Compile time evaluation in Rust macros… or not (contrast with Common Lisp)

Rust macros are a great help in reducing boilerplate as well as creating tools to perform advanced code manipulation at compile time (the nom crate comes to mind). However, I did run into its limitations (again) when I started tinkering with a small idea.

Well, the idea that I had is quite simple – create a macro that will reverse the words of a string, but defer checking of types to runtime (so that correct entries would still produce output). However, this turned out to be not so simple, again due to the fact that Rust macros apparently do not provide a way to – perform compile-time checks, or eval code during macroexpansion (like Lisp and Scheme/Racket macros do).

Here was my first shot at creating that simple macro in Rust:

use std::any::Any;
use std::io::{self, Write};

fn is_string(s: &Any) -> bool {
    s.is::<String>()
}

macro_rules! reverse_string {
    ($string: expr) => {{
                if !is_string($string) {
                    writeln!(io::stderr(), "{:?} must be a String", $string).unwrap();
                    std::process::exit(1);
                }
                                  
                let mut rev_string = String::new();

                for word in $string.split_whitespace().rev() {
                    rev_string.push_str(word);
                    rev_string.push(' ');
                }
                rev_string
    }};
}


fn main() {
    let my_string = "Hello, world. How do you do?".to_string();
    println!("{}", reverse_string!(&my_string));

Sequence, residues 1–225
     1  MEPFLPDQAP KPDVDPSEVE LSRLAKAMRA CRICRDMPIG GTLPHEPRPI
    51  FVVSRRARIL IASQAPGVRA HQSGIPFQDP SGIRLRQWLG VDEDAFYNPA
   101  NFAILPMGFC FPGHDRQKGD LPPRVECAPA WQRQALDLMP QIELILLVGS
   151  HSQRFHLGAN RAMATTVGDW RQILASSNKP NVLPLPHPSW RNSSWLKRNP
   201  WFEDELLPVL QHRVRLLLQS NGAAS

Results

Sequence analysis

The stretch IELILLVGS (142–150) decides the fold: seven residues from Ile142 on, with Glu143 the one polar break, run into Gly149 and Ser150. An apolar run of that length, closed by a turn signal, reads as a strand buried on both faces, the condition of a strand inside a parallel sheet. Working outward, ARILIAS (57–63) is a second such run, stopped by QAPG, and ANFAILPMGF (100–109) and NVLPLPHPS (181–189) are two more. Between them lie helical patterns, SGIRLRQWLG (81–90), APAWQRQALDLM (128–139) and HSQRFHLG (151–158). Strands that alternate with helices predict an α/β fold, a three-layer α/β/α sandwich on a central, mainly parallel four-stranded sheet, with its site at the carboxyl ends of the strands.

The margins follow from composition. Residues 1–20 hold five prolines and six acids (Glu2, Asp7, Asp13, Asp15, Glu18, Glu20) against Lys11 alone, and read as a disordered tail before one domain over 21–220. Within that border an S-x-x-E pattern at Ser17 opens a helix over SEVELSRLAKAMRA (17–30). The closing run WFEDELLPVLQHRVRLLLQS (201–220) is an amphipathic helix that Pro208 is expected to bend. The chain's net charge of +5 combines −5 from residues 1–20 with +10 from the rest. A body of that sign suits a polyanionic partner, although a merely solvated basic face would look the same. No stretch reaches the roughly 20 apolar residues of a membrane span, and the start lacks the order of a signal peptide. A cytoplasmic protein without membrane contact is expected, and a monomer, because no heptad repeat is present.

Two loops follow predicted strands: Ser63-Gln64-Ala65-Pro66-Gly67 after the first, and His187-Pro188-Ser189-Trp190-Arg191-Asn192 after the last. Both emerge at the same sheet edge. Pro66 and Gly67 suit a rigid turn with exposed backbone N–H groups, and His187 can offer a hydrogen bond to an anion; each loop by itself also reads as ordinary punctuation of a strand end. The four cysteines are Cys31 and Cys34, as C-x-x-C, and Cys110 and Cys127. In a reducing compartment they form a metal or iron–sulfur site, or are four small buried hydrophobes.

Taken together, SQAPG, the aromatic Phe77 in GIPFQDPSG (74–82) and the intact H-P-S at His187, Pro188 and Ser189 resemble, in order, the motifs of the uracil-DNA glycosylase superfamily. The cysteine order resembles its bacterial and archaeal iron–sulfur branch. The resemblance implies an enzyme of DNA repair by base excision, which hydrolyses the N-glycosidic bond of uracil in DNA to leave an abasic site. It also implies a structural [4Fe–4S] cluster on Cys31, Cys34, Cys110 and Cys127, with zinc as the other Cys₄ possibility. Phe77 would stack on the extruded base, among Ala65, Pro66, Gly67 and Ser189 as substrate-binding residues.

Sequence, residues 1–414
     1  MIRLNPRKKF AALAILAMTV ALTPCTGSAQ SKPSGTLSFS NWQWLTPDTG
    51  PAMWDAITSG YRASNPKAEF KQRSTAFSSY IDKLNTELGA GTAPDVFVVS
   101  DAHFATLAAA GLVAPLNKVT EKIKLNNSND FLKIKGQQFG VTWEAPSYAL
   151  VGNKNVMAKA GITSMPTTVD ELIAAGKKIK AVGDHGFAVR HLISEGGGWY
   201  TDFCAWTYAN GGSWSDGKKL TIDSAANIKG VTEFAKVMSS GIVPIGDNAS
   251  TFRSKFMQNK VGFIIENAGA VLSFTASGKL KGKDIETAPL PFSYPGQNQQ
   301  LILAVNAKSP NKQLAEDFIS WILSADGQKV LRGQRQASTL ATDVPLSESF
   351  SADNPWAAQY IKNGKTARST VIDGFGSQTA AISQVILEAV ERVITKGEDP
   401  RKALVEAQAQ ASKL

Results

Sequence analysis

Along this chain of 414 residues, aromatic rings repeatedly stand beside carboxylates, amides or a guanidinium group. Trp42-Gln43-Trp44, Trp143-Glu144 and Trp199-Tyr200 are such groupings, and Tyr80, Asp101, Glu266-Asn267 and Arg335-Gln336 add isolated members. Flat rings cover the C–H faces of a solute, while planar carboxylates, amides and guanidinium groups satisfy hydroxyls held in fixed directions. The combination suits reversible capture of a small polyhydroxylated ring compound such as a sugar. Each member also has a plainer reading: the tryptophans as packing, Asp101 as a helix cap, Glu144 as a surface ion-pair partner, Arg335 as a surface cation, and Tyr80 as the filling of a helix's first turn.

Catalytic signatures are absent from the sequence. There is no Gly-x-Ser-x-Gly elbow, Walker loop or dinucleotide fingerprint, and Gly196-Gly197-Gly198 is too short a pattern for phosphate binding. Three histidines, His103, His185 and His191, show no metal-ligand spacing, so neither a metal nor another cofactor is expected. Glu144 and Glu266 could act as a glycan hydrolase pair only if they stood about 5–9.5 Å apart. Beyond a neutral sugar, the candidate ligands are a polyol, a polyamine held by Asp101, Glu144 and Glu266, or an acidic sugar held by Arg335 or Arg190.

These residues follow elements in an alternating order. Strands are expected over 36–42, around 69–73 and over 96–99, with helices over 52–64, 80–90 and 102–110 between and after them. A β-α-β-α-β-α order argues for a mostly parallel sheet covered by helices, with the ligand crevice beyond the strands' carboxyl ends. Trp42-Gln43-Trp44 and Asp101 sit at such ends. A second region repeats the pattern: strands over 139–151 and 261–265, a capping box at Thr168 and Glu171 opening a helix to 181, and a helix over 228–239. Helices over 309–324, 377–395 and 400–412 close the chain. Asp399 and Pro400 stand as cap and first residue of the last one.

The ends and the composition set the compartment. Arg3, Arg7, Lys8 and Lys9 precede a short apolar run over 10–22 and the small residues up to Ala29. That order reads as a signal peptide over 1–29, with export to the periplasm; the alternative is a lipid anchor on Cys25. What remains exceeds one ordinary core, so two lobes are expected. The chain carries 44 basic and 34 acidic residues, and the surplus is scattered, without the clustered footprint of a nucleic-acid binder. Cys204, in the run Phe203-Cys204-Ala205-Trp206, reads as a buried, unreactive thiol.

}

This works as expected, of course:

Macushla:Type_Checking_Macro_Rust z0ltan$ rustc reverse.rs && ./reverse
do? you do How world. Hello,

Now, suppose I added a call to the same macro, reverse_string on an integer instead of a string, then the results are not quite what I wanted:

fn main() {
    let my_string = "Hello, world. How do you do?".to_string();
    println!("{}", reverse_string!(&my_string));

    let my_num = 99;
    println!("{}", reverse_string!(&my_num));
}

Running which gives:

Macushla:Type_Checking_Macro_Rust z0ltan$ rustc reverse.rs && ./reverse
error[E0599]: no method named `split_whitespace` found for type `&{integer}` in the current scope
  --> reverse.rs:17:37
   |
17 |                 for word in $string.split_whitespace().rev() {
   |                                     ^^^^^^^^^^^^^^^^
...
31 |     println!("{}", reverse_string!(&my_num));
   |                    ------------------------ in this macro invocation

error: aborting due to previous error(s)

And what I really wanted was to see output for the string argument, and then the nice error message that I generate inside the macro. So what’s going on? Why can’t I generate the template, so to speak, of the macroexpansion and defer the actual error checking to runtime? Let’s expand the macro and take a peek:

Macushla:Type_Checking_Macro_Rust z0ltan$ rustc -Z unstable-options --pretty expanded reverse.rs

This produces a ton of output, but the relevant part of the expanded macro is here:

 let my_num = 99;
    ::io::_print(::std::fmt::Arguments::new_v1(
        {
            static __STATIC_FMTSTR: &'static [&'static str] = &["", "\n"];
            __STATIC_FMTSTR
        },
        &match (&{
            if !is_string(&my_num) {
                io::stderr()
                    .write_fmt(::std::fmt::Arguments::new_v1(
                        {
                            static __STATIC_FMTSTR: &'static [&'static str] =
                                &["", " must be a String\n"];
                            __STATIC_FMTSTR
                        },
                        &match (&&my_num,) {
                            (__arg0,) => {
                                [::std::fmt::ArgumentV1::new(__arg0, ::std::fmt::Debug::fmt)]
                            }
                        },
                    ))
                    .unwrap();
                std::process::exit(1);
            }
            let mut rev_string = String::new();
            for word in &my_num.split_whitespace().rev() {
                rev_string.push_str(word);
                rev_string.push(' ');
            }
            rev_string
        },) {